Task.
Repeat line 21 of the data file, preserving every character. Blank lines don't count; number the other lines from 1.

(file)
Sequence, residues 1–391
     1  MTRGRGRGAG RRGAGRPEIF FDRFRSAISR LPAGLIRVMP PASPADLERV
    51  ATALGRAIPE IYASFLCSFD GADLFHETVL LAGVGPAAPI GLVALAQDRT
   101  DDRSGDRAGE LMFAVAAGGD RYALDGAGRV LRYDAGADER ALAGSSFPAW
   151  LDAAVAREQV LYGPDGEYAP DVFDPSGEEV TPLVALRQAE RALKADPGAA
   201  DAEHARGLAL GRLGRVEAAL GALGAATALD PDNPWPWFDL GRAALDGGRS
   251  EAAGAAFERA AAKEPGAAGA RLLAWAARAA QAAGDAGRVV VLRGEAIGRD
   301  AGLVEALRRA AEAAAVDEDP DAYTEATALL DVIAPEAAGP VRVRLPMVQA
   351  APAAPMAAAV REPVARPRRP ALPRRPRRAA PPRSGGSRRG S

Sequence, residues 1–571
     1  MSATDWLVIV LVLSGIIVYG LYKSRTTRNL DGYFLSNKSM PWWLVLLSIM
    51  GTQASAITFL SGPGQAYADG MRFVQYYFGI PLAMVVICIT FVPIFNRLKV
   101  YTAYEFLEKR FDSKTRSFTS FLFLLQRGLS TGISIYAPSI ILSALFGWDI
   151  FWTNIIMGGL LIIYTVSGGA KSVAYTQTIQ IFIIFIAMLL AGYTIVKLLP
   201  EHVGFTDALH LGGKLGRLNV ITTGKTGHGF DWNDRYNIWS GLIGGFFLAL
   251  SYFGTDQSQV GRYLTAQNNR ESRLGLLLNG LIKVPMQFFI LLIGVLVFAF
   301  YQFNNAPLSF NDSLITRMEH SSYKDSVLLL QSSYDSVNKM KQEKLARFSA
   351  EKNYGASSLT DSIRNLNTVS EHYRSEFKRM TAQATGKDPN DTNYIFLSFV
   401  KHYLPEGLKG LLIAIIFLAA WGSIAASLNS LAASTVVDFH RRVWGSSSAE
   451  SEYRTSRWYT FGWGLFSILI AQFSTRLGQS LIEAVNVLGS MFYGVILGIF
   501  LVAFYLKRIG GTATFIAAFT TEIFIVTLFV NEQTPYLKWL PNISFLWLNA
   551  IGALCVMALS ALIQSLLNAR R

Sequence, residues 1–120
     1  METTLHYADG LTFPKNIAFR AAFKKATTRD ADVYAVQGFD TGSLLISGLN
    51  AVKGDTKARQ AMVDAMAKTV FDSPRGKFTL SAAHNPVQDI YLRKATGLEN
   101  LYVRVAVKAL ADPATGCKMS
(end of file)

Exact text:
   501  LVAFYLKRIG GTATFIAAFT TEIFIVTLFV NEQTPYLKWL PNISFLWLNA